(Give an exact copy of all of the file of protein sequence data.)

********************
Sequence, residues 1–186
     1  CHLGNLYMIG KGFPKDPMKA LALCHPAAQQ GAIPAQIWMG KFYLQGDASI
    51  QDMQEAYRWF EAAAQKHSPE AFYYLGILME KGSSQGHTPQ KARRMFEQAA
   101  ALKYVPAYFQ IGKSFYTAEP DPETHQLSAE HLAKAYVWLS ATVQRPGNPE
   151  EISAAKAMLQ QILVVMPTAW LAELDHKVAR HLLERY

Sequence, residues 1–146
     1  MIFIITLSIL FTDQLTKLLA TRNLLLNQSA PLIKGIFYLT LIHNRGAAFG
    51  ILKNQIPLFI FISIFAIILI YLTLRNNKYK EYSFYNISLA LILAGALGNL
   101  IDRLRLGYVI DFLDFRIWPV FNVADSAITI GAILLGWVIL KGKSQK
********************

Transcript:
Sequence, residues 1–186
     1  CHLGNLYMIG KGFPKDPMKA LALCHPAAQQ GAIPAQIWMG KFYLQGDASI
    51  QDMQEAYRWF EAAAQKHSPE AFYYLGILME KGSSQGHTPQ KARRMFEQAA
   101  ALKYVPAYFQ IGKSFYTAEP DPETHQLSAE HLAKAYVWLS ATVQRPGNPE
   151  EISAAKAMLQ QILVVMPTAW LAELDHKVAR HLLERY

Sequence, residues 1–146
     1  MIFIITLSIL FTDQLTKLLA TRNLLLNQSA PLIKGIFYLT LIHNRGAAFG
    51  ILKNQIPLFI FISIFAIILI YLTLRNNKYK EYSFYNISLA LILAGALGNL
   101  IDRLRLGYVI DFLDFRIWPV FNVADSAITI GAILLGWVIL KGKSQK